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Ont. auditor general releases full report on Laurentian University


As Laurentian University in Sudbury creeps closer to emerging from insolvency, the Ontario auditor general released her full report Thursday morning on what led to the unprecedented move by a publicly-funded Canadian institution.

"There is a general expectation that public sector and broader public sector organizations that receive significant taxpayer funds operate with transparency, accountability and high standards of governance. Our review of Laurentian University’s operations and decision-making over the past decade provides a striking example of what can happen when these principles are neglected," Lysyk said in the report.

"We found that the primary cause of Laurentian’s financial decline was its pursuit of major capital projects without adequate consideration for how they would be collectively funded or ultimately used. As the University began to accumulate more than $87 million in debt, it started to inappropriately draw on funds that were restricted for research projects or retirement health benefits for faculty and staff."

Due to the reliance on external legal and financial advisors, the school chose to use a legal process designed for private sector entities, she said.

"That decision was made because the taxpayer-funded university was in a perilous financial position, resulting largely from a series of questionable strategic decisions made by senior administration and a lack of competent financial oversight and transparency from the board of governors," Lysyk said.

"Laurentian's leaders made a bad situation worse by declining government assistance, circumventing obligations to work with faculty and staff and opting to file for court protection under the Companies' Creditors Arrangement Act. A succession of oversight failures allowed the university's financial health to decline so precipitously that the academic careers of 932 students were short-circuited, 342 jobs were lost and millions of dollars wasted."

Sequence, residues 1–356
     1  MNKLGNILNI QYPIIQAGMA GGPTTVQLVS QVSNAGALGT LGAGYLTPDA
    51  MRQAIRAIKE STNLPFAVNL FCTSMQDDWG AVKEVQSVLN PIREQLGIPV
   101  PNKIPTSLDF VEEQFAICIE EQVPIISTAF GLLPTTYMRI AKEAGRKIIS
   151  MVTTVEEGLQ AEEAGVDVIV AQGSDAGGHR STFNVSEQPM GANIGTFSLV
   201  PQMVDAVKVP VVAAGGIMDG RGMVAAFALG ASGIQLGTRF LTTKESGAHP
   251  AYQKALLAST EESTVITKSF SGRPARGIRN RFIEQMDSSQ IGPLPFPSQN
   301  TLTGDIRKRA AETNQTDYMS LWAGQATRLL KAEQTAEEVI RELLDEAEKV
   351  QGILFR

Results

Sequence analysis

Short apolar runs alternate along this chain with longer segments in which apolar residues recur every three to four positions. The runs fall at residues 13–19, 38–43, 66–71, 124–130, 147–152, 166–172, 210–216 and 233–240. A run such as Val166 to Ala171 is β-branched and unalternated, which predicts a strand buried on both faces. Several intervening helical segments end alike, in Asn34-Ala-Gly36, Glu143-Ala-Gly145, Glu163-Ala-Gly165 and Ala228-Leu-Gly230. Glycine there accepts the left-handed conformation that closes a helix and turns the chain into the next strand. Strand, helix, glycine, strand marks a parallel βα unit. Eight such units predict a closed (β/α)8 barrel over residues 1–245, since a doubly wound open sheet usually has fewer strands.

Read the full 118-page report here.

“We respect the auditor general’s mandate and the work she undertook at the request of the Standing Committee on Public Accounts to investigate how Laurentian became insolvent," said Jeff Bangs, who was elected chair of the Laurentian University board of governors in January. 

"It is now incumbent on us to learn from her advice and, most importantly, accept and implement each of her recommendations. When combined with the external operational and governance reports the University has already obtained – and the commitments made to its stakeholders through the Plan of Arrangement – the University has a strong foundation to make much-needed changes and ensure the mistakes of the past are never repeated."

Nearly three months after Laurentian filed for creditor protection under the Companies' Creditors Arrangement Act (CCAA) on Feb. 1, 2021, Lysyk was tasked with reviewing the school's operations between 2010 and 2020.

In April, Lysyk released a 13-page preliminary report prior to the provincial election concluding Laurentian did not have to file for CCAA protection.

"As a result of Laurentian’s consistent lack of co-operation and delays in allowing us our normal unfettered access to documents and people, it is unlikely we will be able to table our special audit report before the Legislature is dissolved," she said in her preliminary report.

Now, after nearly 19 months of auditing, the full picture of the situation is expected to be revealed.

More to come on this developing story. Check back for updates. Top Stories

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